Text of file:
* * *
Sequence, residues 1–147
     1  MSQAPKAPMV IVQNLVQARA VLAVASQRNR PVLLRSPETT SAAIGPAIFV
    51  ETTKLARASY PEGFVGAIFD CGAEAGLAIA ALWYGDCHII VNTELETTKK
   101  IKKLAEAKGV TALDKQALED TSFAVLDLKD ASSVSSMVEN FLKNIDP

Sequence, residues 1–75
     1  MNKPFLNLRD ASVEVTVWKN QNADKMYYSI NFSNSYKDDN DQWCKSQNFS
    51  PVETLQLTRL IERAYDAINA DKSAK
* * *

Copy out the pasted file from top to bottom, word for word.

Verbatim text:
Sequence, residues 1–147
     1  MSQAPKAPMV IVQNLVQARA VLAVASQRNR PVLLRSPETT SAAIGPAIFV
    51  ETTKLARASY PEGFVGAIFD CGAEAGLAIA ALWYGDCHII VNTELETTKK
   101  IKKLAEAKGV TALDKQALED TSFAVLDLKD ASSVSSMVEN FLKNIDP

Sequence, residues 1–75
     1  MNKPFLNLRD ASVEVTVWKN QNADKMYYSI NFSNSYKDDN DQWCKSQNFS
    51  PVETLQLTRL IERAYDAINA DKSAK